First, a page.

Thursday, June 4, 2009

Review: War of the Worlds & The Time Machine

War of the Worlds and the Time Machine are two contrasting books. 

War of the Worlds is set in around 1890's and tells the story of alien invaders from Mars. The story is told through a journal written by an unknown author, how he survives attacks, how he manages to stay alive and how the aliens died through his eyes. What is amazing about this story is that he isn't a hero, he is only a survivor yet the story is action packed and captivating.

The Time Machine is a story about a scientists' journey into the future, how he accidentally goes too far and ends up in the year 802701. While many would think that so far into the future technology would have had vast improvements and life would be much better but what if it wasn't like that?

I read these two books back to back because it felt good to do so. I had never previously read any of HG Wells' books except to watch the movie 'The Time Machine' which I thought had a very good first half and a terrible second half.

After reading War of the Worlds I thought about how a contemporary movie of it just wouldn't work and now refuse to see Spielberg's version of the movie.

After reading The Time Machine I thought why wasn't the movie like the book? It was short and fantastic. Instead they absolutely butchered the book and the original meaning of the book.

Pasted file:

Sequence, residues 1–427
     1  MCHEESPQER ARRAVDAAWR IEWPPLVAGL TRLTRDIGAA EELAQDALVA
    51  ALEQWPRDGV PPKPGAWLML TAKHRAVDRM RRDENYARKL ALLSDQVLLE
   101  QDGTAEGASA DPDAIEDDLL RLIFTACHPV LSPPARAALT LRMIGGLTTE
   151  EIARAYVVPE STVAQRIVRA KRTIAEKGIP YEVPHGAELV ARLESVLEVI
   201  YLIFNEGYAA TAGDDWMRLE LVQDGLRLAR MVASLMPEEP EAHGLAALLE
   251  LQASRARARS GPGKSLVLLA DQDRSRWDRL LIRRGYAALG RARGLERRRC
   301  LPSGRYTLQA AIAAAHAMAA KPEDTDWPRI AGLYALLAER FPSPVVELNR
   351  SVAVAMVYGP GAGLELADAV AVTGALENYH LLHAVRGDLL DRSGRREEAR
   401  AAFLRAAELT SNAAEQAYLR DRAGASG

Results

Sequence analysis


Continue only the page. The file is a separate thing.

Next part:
What does this all tell you? That War of the Worlds and The Time Machine are both fantastic books. They are so imaginative and were so far ahead of their time. I knew that HG Wells was an old school author but it shocked me when these two stories were written over a 100 years ago. Truly HG Wells is one of the fathers of Science Fiction (along with Jules Verne).

Anybody who wants a glimpse of how science fiction was born should pick up either of these books. They are not hard reads nor are they long reads and should be books that are readily accessible to all.


Author Tony Peters said...

I do like Wr of the Worlds. It is a great book!

Tony Peters
Kids on a Case: The Case of the Ten Grand Kidnapping

Enchanté said...

I forgot to mention that the term 'Morlocks' was created by Wells. I am sure there are a few authors that use that term and definitely know they are used frequently in X-Men